The world traveller

Article published on April 19, 2010
community published
Article published on April 19, 2010
Author: Ana Alibegova

Dalibor Stajic is a student at the Faculty of Filology in Skopje. He had an opportunity to visit lot of European cities, won a scholarship for a year of non-degree studies in USA and is active in the NGO sector. He says that traveling makes people more comfortable with differences and new experiences. Dalibor defines world travelers as true citizens of the world with a global vision.

Mladiinfo: Dalibor, when we asked you for an interview, we explained that we wanted an interview with a world traveler. What is a ‘world traveler’ in your opinion?

Dalibor: At the beginning, let me thank you for inviting me to share some thoughts on traveling — undeniably, one of the most valuable facets of human life. Traveling is a metaphor for an exciting life. Real travelers at heart do not spend a little fortune to see the world. Instead, they partake in new wonders of life by nurturing relationships with different people and by learning about each other’s cultures. A world traveler needs to understand cultures better than others since she/he wants to be involved in creative initiatives from which she/he can learn. World travelers are not afraid of differences among people and do not fear any situation; they gladly share what they have and keep their hearts open. In this sense, world travelers are true citizens of the world with a global vision!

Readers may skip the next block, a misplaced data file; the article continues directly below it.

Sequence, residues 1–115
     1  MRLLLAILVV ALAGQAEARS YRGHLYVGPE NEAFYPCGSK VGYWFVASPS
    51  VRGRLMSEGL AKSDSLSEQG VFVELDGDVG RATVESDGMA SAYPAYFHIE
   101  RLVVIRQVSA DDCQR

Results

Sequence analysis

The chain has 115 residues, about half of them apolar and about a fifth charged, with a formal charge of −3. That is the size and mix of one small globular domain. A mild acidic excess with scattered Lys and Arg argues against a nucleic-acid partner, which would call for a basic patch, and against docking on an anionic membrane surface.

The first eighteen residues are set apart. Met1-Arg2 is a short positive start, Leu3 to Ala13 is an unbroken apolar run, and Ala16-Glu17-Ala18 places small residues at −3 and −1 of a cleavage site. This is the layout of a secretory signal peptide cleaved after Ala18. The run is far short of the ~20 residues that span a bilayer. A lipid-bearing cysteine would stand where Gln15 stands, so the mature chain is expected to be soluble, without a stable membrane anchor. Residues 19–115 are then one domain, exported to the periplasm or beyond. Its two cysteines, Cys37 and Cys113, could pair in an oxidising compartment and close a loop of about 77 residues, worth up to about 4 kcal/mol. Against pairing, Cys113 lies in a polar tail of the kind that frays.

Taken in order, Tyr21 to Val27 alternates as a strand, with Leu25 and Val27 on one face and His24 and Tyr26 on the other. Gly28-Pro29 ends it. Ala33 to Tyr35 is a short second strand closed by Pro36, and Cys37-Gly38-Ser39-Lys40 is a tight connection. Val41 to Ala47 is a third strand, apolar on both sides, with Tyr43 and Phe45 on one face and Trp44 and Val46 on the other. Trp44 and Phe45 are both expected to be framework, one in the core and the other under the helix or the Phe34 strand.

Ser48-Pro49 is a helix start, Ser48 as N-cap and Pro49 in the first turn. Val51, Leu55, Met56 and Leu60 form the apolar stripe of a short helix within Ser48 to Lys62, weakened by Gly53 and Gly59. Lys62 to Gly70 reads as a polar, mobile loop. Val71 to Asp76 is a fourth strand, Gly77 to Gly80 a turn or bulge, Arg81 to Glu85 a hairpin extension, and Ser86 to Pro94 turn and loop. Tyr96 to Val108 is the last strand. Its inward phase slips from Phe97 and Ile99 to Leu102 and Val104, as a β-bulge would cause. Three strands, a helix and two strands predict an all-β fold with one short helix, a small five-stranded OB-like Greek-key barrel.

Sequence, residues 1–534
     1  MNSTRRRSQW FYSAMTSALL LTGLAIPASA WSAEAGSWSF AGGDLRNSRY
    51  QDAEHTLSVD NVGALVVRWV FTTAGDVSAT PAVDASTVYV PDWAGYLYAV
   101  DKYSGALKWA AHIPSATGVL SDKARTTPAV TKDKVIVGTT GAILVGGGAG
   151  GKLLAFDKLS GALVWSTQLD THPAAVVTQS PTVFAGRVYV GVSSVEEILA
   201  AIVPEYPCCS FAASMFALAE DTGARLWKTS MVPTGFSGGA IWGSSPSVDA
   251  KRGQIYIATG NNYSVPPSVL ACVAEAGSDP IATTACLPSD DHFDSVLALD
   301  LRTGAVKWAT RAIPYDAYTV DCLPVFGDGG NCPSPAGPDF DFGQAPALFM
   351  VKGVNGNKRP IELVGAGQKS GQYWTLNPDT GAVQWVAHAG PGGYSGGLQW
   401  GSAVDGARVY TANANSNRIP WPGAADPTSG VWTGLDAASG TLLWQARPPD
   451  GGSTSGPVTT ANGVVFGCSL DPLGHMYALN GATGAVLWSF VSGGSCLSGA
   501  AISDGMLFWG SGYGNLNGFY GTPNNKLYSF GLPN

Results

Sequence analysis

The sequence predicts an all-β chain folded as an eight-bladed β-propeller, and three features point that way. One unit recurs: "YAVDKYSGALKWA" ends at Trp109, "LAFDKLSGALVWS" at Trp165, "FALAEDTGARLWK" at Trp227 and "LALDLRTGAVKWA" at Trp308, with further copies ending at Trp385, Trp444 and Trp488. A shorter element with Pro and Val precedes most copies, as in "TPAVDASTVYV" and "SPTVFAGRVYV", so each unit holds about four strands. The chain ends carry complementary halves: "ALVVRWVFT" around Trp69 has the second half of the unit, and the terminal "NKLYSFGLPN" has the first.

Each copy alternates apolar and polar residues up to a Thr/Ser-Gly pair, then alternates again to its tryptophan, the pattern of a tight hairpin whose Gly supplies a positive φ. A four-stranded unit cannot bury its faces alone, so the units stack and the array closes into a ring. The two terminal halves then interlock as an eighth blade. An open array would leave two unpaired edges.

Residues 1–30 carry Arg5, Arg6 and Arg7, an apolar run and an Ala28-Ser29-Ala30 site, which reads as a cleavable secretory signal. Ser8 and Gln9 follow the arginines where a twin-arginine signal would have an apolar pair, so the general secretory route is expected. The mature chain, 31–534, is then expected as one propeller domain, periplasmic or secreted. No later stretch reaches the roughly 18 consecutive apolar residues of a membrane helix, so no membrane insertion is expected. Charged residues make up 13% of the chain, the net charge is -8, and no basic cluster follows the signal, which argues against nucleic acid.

Mladiinfo: When and where was your first trip abroad (aside from shopping in Thessaloniki or family vacations)? Could you reflect upon your feelings from the time when you first faced a new culture, tradition, and habits?

Dalibor: Germany, for me, has always been a country of particular interest. As a student of conference interpretation in German, it was essential to spend some time there in order to strengthen my language skills. Having this in mind, it is not a surprise that Germany was the first country I visited for a longer period in 2004. Looking back, I was only sixteen years old and I was not much aware of all social and cultural processes taking place around me. However, this was the first opportunity to speak to people with different cultural backgrounds and observe their habits and rituals, which were exceptionally interesting to me.

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